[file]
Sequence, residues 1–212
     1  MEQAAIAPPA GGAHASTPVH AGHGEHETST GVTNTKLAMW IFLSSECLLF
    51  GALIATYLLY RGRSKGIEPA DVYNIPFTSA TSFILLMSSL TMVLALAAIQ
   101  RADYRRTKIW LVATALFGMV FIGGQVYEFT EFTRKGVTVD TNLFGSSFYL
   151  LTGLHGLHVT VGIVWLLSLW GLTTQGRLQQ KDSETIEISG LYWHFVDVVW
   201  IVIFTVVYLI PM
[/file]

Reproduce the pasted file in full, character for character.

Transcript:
Sequence, residues 1–212
     1  MEQAAIAPPA GGAHASTPVH AGHGEHETST GVTNTKLAMW IFLSSECLLF
    51  GALIATYLLY RGRSKGIEPA DVYNIPFTSA TSFILLMSSL TMVLALAAIQ
   101  RADYRRTKIW LVATALFGMV FIGGQVYEFT EFTRKGVTVD TNLFGSSFYL
   151  LTGLHGLHVT VGIVWLLSLW GLTTQGRLQQ KDSETIEISG LYWHFVDVVW
   201  IVIFTVVYLI PM